Palawan Biosphere Reserve Shouldn’t Be Open For Business

Palawan Biosphere Reserve Shouldn’t Be Open For Business

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July 26, 2010

Nearly two months ago, 600 farmers and Indigenous people came together in Puerto Princesa on Palawan Island to urge the Provincial government not to endorse the proposed mining plans of MacroAsia and Ipilan Nickel Corporation (INC).

Thankfully, the government ended up agreeing with the protesters, at least in part, stating that there should be a full investigation before they can decide whether or not they should endorse the mining plans.

“However, [their promise to investigate] was not honoured and, after a few days, the Provincial Government gave endorsement to MAC and INC to operate in one of the best conserved biocultural paradises found in the Philippines, and in South-East Asia as a whole,” explains a recent press release from the ALDAW Network.

Clearly an act of Bad Faith, the endorsement brings vast areas in Palawan, a UNESCO Man and Biosphere, one step closer to the harsh realities of unsustainable development.

It is especially harsh news because, ALDAW says, the mining areas of both companies are “located in ecologically valuable areas which include watersheds, hunting/agricultural grounds, extractive reserves of Non-Timber Forest Products (NTFPs) such as Almaciga (Agathis philippinensis) resin, on which upland indigenous communities depend for their daily subsistence. Also indigenous peoples’ sacred and worship sites are found within the mining tenements of these companies.”

“The area given out to mining concession is also inhabited by traditional indigenous Palawan having limited contacts with the outside. Moreover, the Gantong range and neighbouring areas where MAC and INC intend to operate are within the area recently declared as Mount Mantalingahan Protected Landscape, pursuant to Presidential Proclamation no. 1815,” continues ALDAW.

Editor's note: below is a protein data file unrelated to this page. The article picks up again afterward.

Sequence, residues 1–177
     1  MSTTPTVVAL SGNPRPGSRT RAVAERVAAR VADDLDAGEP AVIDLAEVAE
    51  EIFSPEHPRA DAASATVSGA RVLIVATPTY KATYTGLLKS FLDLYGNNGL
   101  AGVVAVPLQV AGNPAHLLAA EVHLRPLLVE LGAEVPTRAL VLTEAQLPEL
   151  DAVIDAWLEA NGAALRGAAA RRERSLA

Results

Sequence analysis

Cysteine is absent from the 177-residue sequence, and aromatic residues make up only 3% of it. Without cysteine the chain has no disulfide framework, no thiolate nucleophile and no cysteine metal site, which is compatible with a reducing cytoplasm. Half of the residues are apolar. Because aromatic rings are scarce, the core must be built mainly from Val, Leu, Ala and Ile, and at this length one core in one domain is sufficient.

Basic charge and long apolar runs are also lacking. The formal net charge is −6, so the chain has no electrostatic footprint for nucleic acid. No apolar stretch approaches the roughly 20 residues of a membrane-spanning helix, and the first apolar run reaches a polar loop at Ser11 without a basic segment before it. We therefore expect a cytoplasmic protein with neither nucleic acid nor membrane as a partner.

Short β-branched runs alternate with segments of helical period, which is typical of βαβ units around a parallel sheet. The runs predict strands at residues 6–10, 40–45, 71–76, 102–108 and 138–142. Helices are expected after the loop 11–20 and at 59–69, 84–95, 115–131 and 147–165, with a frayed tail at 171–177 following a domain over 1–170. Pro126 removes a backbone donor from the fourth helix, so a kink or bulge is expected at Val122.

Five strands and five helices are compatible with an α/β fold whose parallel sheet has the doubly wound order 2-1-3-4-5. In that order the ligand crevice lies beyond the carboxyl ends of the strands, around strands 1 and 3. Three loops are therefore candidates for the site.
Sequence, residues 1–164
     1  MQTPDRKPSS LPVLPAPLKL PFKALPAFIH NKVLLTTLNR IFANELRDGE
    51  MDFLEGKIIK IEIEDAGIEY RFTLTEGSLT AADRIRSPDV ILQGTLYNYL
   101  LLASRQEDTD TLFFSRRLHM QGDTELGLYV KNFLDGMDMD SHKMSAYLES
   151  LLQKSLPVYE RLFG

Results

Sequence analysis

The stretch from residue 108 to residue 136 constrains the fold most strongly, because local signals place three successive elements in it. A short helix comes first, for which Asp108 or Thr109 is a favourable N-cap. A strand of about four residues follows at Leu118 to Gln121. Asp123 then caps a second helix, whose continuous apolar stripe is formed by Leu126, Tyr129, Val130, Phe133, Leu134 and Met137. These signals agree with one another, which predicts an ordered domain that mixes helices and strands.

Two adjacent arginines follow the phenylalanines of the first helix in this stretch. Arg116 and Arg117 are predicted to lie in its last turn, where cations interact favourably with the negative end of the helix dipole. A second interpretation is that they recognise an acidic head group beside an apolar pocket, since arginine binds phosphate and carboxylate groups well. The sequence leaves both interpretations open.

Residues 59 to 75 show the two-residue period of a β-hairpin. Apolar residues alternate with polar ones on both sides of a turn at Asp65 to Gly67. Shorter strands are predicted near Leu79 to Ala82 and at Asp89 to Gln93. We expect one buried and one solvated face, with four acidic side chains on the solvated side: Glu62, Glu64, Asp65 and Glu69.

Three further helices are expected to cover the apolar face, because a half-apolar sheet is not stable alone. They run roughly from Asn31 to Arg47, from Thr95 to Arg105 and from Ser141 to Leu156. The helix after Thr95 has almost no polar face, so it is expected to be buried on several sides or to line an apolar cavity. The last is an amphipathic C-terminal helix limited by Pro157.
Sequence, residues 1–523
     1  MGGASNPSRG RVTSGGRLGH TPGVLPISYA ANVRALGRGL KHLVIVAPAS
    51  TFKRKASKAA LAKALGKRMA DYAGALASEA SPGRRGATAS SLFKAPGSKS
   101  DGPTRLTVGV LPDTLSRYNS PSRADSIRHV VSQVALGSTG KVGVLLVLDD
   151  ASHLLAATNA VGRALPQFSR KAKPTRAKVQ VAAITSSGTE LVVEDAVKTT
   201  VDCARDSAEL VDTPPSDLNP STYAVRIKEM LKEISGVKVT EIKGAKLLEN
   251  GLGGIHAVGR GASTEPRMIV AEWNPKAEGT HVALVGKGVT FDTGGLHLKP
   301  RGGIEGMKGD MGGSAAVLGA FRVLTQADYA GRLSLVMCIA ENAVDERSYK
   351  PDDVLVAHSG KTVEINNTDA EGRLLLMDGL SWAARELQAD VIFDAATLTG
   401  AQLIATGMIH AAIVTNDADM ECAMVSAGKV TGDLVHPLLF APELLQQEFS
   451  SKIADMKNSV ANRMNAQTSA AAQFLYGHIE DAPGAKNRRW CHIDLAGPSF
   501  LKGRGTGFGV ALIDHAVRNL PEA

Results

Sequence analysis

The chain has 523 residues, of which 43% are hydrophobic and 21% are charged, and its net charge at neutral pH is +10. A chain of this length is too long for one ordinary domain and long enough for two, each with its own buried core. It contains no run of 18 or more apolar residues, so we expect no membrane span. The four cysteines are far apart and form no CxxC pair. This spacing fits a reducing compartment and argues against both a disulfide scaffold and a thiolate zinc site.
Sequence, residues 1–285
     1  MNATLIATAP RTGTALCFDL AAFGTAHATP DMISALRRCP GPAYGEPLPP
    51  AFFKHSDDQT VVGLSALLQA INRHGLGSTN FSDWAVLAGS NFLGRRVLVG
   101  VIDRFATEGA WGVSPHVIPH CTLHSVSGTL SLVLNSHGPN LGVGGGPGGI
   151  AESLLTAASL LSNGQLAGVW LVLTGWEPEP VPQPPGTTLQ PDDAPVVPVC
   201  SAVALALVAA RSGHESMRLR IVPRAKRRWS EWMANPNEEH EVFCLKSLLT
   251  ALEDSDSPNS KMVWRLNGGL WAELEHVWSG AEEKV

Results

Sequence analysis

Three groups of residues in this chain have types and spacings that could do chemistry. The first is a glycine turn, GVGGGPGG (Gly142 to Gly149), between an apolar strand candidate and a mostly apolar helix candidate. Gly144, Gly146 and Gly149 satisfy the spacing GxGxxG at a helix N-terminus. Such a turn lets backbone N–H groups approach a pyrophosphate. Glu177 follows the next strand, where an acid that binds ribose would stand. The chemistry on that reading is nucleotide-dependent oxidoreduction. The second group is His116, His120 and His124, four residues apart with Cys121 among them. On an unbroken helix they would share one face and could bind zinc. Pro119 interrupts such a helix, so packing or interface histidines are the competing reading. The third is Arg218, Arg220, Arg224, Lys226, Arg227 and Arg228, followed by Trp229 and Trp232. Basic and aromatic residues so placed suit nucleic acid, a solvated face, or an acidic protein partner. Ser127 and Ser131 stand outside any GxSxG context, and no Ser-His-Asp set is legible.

According to a spokesperson from Alyansa Tigil Mina, the largest anti-mining advocacy group in the Philippines, “Ironically enough, the mining companies and the politicians who are endorsing them have also infringed the Philippine Mining Act which prohibits mining in old growth or virgin forest, proclaimed watershed forest reserves, wilderness area, and other areas of outstanding environmental value”.

In addition, the Environmental Legal Assistance Center (ELAC), who is in the midst of taking the endorsement issue to court, says the government has also failed to meet the necessary “social acceptability requirements” and disregarded their own Strategic Environmental Plan (SEP, Republic Act 7611).

“The sustainable management of the entire Province is, in fact, governed by the SEP law which prohibits any human activity in those areas that are classified as ‘core zones’ and that – very unfortunately – are now part of MAC and INC mining tenements”, says ELAC Atty. Edward G. Lorenzo.

ALDAW further adds that, “Undoubtedly, the endorsement [has contravened] those provisions contained in well known conventions [e.g. The Convention on Biological Diversity (CBD) and the UN Declaration on the Rights of Indigenous Peoples] that the Philippine Government has already signed.”